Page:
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62 Comments

Train nerd

Tube drivers earn way more than most regular train drivers.

Anonymous

Tube drivers are also heavily unionised.

Solicitors get what they deserve for signing up to no unions and globalist bs – wage repression and no reciprocity in services

Try setting up a legal practice in Germany

Wake up

What a joke

Anonymous

100% true

Anonymous

This list is pretty much useless, as you yourselves have shown. The difference between an NQ in a small high street firm and an NQ at a city outfit is massive. Both skew the average to a number that doesn’t represent either.

Anon

They give you the average in between, that’s the point. Lots of Legal 500 firms above the smaller high street firms will pay in line with this average.

Anon

The £43,725 figure quoted seems to be specific to Solicitors. Some firms don’t even have this title and NQs go straight to associate, and in most city firms where they do have “solicitors”, it usually relates to those in the first few years of qualification.

The Legal Professional figure is probably a more true average of what Solicitors earn (if a solicitor includes, Associates, Senior Associate, Partners etc and means a qualified solicitor).

Anonymous

Which does rather prove Mr Susskind wrong … these jobs could be replaced by AI today.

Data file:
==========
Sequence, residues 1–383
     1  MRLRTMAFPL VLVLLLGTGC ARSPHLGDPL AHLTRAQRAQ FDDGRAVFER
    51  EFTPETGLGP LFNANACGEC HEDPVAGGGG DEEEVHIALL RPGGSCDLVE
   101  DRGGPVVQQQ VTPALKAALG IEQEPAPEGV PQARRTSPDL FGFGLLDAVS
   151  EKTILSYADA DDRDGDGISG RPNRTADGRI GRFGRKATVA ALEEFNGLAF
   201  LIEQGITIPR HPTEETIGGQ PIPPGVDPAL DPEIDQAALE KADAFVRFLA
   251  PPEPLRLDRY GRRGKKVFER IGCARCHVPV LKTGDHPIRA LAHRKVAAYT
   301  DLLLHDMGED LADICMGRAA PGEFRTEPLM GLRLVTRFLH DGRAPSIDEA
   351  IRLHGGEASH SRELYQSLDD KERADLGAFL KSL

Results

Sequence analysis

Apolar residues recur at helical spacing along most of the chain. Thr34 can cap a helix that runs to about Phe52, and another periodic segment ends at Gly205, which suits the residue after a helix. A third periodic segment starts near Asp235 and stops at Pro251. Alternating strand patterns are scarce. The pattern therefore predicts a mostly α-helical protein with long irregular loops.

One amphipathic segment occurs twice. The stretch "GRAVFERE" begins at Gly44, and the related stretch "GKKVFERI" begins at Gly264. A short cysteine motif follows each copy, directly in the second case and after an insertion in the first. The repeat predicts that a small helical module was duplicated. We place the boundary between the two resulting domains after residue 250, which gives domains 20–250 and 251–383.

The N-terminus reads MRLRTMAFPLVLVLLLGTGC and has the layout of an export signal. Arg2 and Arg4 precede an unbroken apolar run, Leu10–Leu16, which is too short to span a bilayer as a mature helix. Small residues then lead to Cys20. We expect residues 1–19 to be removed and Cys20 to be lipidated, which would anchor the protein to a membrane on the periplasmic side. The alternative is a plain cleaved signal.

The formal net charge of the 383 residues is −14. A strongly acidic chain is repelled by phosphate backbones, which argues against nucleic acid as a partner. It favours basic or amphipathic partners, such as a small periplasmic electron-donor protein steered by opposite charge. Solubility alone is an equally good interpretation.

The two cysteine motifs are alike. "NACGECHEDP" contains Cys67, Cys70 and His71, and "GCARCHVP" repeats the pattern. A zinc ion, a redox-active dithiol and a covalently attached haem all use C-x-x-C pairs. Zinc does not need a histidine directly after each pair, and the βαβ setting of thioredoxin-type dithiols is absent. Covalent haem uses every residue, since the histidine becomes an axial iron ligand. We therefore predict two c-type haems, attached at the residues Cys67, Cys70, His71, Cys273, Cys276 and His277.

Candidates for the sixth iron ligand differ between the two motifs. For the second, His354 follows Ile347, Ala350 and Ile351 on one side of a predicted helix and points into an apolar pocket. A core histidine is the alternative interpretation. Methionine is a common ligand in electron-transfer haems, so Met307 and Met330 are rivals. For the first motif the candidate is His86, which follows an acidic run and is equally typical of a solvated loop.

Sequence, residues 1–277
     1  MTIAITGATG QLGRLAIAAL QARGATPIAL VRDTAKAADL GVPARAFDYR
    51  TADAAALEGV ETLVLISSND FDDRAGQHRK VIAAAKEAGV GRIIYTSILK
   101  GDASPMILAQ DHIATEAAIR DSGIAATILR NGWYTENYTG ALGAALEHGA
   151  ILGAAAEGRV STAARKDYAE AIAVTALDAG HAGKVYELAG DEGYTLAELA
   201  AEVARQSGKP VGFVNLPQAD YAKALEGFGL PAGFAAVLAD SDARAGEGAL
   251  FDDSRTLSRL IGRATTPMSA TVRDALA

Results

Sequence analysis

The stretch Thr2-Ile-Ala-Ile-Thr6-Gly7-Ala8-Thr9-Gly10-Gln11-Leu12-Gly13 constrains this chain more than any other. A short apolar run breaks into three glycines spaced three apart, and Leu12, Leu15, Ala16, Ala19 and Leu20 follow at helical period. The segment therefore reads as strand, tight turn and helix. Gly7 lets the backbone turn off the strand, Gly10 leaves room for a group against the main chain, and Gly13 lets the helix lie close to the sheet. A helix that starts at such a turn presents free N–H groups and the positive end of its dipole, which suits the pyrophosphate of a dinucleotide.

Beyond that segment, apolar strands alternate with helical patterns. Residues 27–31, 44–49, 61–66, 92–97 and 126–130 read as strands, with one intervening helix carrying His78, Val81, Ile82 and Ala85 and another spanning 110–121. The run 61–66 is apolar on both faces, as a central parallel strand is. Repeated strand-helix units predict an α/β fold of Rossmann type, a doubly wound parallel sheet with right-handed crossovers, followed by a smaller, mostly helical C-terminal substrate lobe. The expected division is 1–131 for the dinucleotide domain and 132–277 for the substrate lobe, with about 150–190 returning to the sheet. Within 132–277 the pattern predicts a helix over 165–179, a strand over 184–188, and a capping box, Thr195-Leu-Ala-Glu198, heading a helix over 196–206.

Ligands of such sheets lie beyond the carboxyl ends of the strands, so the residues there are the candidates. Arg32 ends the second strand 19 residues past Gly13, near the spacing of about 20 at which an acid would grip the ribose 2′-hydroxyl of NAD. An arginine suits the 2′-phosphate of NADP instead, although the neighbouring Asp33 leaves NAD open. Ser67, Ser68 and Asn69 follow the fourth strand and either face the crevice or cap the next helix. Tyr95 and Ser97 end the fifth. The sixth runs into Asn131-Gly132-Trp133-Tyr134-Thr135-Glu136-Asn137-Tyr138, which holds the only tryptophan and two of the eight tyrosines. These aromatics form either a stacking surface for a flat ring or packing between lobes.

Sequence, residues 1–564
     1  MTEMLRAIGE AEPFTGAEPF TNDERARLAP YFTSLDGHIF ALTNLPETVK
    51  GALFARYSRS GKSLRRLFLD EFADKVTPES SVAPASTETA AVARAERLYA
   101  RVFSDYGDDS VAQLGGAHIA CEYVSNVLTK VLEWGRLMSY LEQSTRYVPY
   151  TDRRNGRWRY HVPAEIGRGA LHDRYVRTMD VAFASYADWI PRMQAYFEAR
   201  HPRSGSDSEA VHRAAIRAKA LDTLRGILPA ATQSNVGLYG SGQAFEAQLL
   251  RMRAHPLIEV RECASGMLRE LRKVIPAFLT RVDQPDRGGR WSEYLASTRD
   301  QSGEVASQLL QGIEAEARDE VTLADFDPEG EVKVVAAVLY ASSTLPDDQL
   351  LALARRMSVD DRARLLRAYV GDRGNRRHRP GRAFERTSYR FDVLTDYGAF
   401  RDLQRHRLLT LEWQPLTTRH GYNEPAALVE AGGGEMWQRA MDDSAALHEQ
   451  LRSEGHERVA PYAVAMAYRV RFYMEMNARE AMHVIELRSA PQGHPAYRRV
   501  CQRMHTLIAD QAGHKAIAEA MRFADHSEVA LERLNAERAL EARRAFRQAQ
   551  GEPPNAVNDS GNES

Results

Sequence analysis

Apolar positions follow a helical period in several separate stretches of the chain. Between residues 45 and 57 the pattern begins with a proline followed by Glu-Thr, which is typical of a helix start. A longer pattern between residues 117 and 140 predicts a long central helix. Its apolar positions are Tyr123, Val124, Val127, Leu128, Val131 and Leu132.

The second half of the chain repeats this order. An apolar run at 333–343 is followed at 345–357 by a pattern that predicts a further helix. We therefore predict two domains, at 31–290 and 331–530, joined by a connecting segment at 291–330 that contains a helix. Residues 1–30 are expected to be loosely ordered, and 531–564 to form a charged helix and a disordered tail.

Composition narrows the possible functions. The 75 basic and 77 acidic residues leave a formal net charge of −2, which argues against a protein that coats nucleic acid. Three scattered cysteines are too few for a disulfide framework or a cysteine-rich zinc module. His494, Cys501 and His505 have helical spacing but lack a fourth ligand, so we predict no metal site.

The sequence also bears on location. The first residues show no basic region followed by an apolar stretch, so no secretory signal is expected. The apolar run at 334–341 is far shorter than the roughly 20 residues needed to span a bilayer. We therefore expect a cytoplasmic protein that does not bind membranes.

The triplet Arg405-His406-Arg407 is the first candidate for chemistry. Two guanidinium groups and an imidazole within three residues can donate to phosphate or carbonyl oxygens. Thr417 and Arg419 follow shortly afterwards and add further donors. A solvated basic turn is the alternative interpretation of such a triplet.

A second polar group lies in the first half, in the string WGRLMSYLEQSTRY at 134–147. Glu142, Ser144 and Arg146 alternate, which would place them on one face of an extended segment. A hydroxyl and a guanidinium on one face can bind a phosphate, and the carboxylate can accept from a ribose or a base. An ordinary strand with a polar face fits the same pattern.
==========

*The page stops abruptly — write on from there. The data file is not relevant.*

Yet they aren’t.

Anonymous

I would think that solicitors’ salaries have a wider range than some other professions – especially doctors or train drivers which are within bands set by the state

Anonymous

Plenty of doctors in private practice and private hospitals, and plenty paid along set bands but doing varying numbers of procedures.

Anonymous

An average solicitor is a sweaty, polyester suit gimp operating out of a small office above the local chippy on Grimsby High Street.

Cannot possibly compare that with the responsibilities and training required of a train driver.

Scep Tick

Must take a lot of training to press start and stop on a pre-arranged route.

Anonymous

U stoopid or sometin?

Anonymous

You been born this dumb or did you have to work for it?

Anonymous

You ever been to Grimsby? need danger money mate

Anonymous

It’s grim up Grimsby.

Anonymous

I can’t wait for all trains to be automated – maybe I will get to my lower-paying law firm at a consistent time for once.